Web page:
Ryan Calo, a residential fellow at the Center for Internet & Society, is quoted in The International Herald Tribune on the value of personal information online. Steve Lohr reports:
I recently wrote a column about a San Francisco start-up that is betting the time has come to make personal information online not only an asset consumers can manage but also a virtual currency that can be traded someday.
Others, of course, like Root Market years ago, have tried making a business from trading click streams and other online personal information on behalf of consumers. But part of the calculation by the start-up, Bynamite, is that these days, the data are far richer and the technology has matured enough to make such a service easy to use, effective and flexible. More people seem to be concerned about privacy today as well.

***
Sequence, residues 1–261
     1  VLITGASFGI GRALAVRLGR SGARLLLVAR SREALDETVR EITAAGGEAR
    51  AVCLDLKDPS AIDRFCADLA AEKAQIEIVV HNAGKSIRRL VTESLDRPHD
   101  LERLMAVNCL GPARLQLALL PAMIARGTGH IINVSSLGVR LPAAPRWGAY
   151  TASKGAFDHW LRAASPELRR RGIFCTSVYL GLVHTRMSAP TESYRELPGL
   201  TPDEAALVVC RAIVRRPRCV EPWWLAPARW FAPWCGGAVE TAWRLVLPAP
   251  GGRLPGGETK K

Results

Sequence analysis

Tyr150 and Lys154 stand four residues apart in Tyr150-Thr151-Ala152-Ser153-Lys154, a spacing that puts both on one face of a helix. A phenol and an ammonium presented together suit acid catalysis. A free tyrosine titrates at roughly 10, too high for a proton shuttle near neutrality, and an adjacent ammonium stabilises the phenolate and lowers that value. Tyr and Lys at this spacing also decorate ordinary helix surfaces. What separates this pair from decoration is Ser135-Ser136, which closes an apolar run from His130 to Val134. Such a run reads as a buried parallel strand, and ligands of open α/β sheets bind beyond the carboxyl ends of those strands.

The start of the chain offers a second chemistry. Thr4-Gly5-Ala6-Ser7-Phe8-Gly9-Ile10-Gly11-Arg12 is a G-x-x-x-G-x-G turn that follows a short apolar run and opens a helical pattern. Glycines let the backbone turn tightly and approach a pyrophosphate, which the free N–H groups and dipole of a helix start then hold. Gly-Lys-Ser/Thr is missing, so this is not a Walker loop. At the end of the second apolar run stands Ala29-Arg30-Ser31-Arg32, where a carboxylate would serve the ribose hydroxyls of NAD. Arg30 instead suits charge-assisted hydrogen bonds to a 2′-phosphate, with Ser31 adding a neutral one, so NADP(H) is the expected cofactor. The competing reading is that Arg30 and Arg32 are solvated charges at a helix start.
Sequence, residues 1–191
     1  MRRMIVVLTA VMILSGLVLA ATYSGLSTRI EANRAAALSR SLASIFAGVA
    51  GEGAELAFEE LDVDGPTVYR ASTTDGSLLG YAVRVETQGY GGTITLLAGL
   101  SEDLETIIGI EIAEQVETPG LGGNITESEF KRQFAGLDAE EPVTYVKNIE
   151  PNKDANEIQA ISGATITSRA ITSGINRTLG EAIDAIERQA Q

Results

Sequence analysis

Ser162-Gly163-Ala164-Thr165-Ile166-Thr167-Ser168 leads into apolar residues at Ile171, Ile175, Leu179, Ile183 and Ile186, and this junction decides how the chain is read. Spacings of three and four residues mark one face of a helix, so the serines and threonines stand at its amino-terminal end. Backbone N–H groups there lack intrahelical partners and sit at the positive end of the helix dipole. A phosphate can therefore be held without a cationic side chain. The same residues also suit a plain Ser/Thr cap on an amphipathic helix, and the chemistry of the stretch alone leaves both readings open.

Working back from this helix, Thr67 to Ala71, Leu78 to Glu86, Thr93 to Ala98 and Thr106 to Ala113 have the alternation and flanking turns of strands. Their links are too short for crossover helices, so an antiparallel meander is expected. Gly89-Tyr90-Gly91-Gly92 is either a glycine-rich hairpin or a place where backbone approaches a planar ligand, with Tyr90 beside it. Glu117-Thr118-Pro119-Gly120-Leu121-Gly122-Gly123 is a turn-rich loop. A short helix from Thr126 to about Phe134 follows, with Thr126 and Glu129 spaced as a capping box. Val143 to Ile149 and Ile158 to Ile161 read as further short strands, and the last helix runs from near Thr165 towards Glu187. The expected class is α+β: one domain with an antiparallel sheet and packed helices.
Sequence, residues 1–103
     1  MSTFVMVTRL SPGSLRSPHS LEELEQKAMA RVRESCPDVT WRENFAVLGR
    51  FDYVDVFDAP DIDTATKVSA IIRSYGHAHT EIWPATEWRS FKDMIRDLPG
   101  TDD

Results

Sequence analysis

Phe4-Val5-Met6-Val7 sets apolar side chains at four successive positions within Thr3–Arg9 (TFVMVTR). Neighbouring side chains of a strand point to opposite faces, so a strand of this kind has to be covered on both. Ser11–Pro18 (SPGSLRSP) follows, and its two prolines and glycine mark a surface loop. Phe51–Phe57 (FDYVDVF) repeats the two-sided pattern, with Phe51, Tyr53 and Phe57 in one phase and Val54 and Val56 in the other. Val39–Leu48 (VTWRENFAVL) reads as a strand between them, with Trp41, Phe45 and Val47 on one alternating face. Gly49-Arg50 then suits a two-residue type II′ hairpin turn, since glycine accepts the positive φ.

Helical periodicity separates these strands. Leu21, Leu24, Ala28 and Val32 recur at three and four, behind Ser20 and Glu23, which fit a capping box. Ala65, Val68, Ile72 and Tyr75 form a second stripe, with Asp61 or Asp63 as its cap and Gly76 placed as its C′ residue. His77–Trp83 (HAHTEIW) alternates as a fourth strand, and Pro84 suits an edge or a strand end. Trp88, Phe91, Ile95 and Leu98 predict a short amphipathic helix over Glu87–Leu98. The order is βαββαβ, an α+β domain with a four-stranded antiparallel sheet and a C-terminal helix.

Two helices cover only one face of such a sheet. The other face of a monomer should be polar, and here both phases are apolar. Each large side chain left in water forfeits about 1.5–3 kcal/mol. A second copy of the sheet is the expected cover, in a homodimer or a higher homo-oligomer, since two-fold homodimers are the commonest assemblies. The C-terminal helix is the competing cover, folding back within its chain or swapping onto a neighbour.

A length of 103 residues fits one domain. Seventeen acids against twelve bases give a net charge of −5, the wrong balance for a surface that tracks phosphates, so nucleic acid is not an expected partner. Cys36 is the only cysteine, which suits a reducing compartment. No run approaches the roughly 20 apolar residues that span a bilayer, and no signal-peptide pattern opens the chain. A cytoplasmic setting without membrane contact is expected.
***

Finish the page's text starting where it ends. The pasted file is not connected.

But if personal information can be made a tradable good in an open marketplace, there is a big challenge. ''There is no way to know in advance what the value of this information is,'' said M. Ryan Calo, a senior research fellow at Stanford Law School's Center for Internet and Society.